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STATE WIDE–A lawsuit by Planned Parenthood and other organizations is meant to keep the state’s new abortion law, banning most abortions, from going into effect Sept. 15. State Atty. Gen. Todd Rokita plans to defend against that suit on behalf of the state.

In a Facebook-only press conference Thursday (Rokita says it’s designed to bypass the ‘biased media” and communicate directly with Hoosiers), Rokita said “the left can’t stand the culture of life”.

While Planned Parenthood and the ACLU have said the lawsuit is based on right to privacy guarantees in the Indiana Constitution, Rokita said he does not believe there is any part of the state constitution that provides for abortion being a right.

“The Indiana Constitution says nothing about securing a right to abortion, the main plank the ACLU is now relying on,” he said. “The text, history and structure of our constitution excludes any serious argument that abortion is a fundamental right in our state.”

ACLU Legal Director Ken Falk said this week when the lawsuit was announced that it’s based on whether a woman can keep her decision to have an abortion private, which he says is part of the document. It’s also based on what he calls the discrimination against abortion clinics in its requirement that mostly only hospitals can be a venue for abortions.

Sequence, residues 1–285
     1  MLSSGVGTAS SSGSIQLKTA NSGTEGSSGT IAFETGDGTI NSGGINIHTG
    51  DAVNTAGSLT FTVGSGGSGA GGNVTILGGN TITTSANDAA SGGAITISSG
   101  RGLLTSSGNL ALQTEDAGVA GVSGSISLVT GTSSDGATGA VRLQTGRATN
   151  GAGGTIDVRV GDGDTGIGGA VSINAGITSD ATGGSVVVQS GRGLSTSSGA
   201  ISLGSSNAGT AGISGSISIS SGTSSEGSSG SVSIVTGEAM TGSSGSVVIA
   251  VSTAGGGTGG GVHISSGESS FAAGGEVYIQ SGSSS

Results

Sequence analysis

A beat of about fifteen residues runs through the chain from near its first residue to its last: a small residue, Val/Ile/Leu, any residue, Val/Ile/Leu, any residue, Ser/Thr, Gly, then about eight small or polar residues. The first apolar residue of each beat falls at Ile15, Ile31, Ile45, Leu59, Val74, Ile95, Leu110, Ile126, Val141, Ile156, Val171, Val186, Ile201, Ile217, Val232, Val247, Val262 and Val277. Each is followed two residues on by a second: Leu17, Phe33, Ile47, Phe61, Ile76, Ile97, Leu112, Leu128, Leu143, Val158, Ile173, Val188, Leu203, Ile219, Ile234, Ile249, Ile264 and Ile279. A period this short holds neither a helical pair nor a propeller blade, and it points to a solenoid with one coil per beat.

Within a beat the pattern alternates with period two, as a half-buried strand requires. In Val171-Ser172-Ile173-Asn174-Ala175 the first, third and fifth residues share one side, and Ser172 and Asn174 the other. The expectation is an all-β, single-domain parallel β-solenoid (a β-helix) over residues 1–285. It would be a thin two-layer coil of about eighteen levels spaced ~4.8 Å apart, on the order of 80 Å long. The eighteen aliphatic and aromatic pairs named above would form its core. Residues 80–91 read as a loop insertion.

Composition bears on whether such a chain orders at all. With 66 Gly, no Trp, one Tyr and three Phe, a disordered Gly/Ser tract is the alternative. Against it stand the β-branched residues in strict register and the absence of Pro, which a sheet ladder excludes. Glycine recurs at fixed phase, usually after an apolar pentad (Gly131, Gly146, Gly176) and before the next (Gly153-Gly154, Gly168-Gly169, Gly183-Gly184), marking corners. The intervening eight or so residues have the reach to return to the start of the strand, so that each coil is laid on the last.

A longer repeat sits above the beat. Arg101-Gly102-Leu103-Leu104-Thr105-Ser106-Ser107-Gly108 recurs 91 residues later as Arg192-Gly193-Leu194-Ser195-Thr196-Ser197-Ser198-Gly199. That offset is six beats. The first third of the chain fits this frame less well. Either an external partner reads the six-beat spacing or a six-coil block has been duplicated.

“On behalf of Hoosiers I look forward to defending us against this lawsuit,” said Rokita.

During a select Q&A, he said he does not believe that any employers have had people say they would quit because of the new law.

“I have not heard that it’s a problem anywhere,” he said. “I don’t think any Hoosier employers think they’re gonna lose employees because someone can’t get an abortion in the State of Indiana.”

That was disputed Thursday by David Ingram, executive vice president of IU Health, who said in a separate press conference regarding preparation of the hospital system for the new law, that the system has lost potential recruits.

“We have also had a few cases where we have been recruiting out of state, providers who have withdrawn because of this bill,” he said.

When asked if he wished to see the exemptions for rape and incest eliminated, Rokita said that’s for lawmakers to decide. He’s not one, and has a duty to defend only what has been made law.